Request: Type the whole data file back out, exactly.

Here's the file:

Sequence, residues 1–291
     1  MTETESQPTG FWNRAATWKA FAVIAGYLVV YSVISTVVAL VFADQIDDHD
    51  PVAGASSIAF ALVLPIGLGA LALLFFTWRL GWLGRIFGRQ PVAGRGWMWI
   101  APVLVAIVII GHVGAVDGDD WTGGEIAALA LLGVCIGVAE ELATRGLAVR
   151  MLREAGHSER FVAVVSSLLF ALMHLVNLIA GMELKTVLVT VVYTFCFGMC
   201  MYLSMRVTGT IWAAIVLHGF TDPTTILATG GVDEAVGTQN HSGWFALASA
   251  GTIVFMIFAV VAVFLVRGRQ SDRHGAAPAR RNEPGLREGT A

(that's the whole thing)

Sequence, residues 1–291
     1  MTETESQPTG FWNRAATWKA FAVIAGYLVV YSVISTVVAL VFADQIDDHD
    51  PVAGASSIAF ALVLPIGLGA LALLFFTWRL GWLGRIFGRQ PVAGRGWMWI
   101  APVLVAIVII GHVGAVDGDD WTGGEIAALA LLGVCIGVAE ELATRGLAVR
   151  MLREAGHSER FVAVVSSLLF ALMHLVNLIA GMELKTVLVT VVYTFCFGMC
   201  MYLSMRVTGT IWAAIVLHGF TDPTTILATG GVDEAVGTQN HSGWFALASA
   251  GTIVFMIFAV VAVFLVRGRQ SDRHGAAPAR RNEPGLREGT A